November 22nd, 2013

After Closing Arguments, Verdict Expected Soon in Morel v. AFP and Getty Images

 

© Daniel Morel/courtesy of Daniel Morel

© Daniel Morel/courtesy of Daniel Morel

The jury is expected to announce its verdict today in the trial to determine damages in the copyright infringement case  photographer Daniel Morel brought against Agence France-Presse and Getty Images, following yesterday’s closing arguments by lawyers for all sides in the case.

The case began when Morel alerted AFP and Getty Images that they were distributing his exclusive images of the January 12, 2010 earthquake in Haiti without his permission.  The images were published and broadcast by many news outlets. Morel did not receive payment for the almost 1,000 downloads of his images licensed by Getty and AFP, according to his attorney, Joseph Baio.

Morel sued the agencies for infringement. Federal District Court Judge Alison Nathan ruled in January that AFP and The Washington Post, which published images distributed by Getty, were liable for infringement.  The trial to determine damages began November 13 in Judge Nathan’s courtroom  in Manhattan.

Lindsay Comstock of Rangefinder covered the closing arguments  yesterday (and also spoke to Morel during a break in the proceedings about his stance against the two media giants).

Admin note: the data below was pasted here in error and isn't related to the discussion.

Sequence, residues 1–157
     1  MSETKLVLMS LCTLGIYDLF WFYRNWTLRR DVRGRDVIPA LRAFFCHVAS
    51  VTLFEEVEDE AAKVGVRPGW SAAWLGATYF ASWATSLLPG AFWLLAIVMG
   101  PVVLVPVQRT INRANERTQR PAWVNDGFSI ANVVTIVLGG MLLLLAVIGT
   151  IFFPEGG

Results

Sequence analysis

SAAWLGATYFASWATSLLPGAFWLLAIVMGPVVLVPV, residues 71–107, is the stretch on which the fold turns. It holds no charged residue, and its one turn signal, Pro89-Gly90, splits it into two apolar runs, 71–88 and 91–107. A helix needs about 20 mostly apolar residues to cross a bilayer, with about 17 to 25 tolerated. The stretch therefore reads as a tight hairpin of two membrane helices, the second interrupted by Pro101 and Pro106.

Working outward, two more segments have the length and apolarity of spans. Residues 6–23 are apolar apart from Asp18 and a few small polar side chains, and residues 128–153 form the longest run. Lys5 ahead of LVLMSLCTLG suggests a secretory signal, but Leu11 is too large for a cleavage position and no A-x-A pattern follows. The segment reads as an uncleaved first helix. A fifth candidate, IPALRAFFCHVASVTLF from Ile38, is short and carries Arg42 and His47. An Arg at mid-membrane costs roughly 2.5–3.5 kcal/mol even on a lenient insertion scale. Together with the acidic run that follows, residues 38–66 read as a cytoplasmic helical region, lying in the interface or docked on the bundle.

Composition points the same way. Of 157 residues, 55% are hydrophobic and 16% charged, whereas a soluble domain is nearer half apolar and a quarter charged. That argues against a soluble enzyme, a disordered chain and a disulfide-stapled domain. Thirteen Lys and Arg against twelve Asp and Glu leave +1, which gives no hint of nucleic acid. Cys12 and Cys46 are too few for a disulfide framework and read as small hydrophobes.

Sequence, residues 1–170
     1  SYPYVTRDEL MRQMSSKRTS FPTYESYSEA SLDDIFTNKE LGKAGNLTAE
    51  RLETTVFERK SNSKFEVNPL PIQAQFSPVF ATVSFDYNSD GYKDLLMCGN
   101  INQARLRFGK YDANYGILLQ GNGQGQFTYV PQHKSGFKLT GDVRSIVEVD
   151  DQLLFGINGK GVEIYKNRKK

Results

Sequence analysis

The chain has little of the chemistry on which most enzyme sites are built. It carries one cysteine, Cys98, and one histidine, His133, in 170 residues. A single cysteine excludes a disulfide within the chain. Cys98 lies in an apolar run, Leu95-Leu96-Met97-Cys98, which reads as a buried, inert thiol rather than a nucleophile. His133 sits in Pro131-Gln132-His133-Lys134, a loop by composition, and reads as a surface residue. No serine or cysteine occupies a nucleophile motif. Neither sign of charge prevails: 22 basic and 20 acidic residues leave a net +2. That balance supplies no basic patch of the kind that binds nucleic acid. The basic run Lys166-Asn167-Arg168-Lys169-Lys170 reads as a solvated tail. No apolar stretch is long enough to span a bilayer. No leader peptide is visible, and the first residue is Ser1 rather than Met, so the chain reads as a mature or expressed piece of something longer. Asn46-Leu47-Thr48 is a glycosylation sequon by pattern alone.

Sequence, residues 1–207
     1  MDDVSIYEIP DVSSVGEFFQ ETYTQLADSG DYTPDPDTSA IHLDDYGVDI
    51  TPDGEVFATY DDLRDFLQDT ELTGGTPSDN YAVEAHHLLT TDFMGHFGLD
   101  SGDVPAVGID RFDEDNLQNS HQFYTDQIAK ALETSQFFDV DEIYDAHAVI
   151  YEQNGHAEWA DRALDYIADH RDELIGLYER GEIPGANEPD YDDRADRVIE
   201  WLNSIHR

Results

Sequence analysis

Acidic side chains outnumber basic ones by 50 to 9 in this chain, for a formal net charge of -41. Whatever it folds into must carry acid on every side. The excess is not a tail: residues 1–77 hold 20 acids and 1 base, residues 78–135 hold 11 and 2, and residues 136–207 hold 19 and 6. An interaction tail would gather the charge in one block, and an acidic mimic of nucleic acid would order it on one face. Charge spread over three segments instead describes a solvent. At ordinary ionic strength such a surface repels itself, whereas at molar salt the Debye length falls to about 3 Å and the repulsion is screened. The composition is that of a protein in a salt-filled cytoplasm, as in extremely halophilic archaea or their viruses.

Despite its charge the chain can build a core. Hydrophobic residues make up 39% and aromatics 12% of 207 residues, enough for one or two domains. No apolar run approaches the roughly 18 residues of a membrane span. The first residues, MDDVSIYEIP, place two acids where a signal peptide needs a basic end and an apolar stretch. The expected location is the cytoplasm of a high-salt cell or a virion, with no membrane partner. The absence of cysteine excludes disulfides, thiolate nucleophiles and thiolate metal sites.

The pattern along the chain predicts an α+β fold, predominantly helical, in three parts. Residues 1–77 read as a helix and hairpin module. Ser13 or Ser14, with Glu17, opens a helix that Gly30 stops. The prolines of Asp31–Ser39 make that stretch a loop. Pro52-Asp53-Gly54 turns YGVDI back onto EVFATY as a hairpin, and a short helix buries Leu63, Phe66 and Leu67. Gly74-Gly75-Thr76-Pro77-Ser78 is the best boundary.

As Comstock notes in her report of the day in court,  the lawyers for both AFP and Getty urged the jury to award damages based on the notion that the corporations “made mistakes” in their sale of the images.

You can read her full report of the closing arguments and see images Morel provided at the Rangefinder blog, PhotoForward.

Related Article
In TwitPic Copyright Claim, Daniel Morel Seeks $13.2 Million from AFP, Getty

AFP, Washington Post Violated Daniel Morel’s Copyrights, Judge Rules

April 12th, 2011

PDN Video Pick: Hey You! A Project for Haiti

After the January 12, 2010 earthquake in Haiti, seven young artists, including photographers Kareem Black and Wyatt Gallery, formed an art collective they called Le Set (Creole for “seven”) and volunteered with healinghaiti.org. They have continued to use their work to raise money for the healinghaiti.org and to inspire others to help. They call their initiative “Hey You: A Project for Haiti” because “hey you” is what they heard from children wherever they went in Haiti.

Filmmaker Eugene Fuller, a member of Le Set, has created a film about the collective’s trip to Haiti. Here’s a trailer,. The full video was shown at a fundraiser held at the Mother agency in New York last week. You can see it, and learn more about Hey You Haiti, on the project’s web site.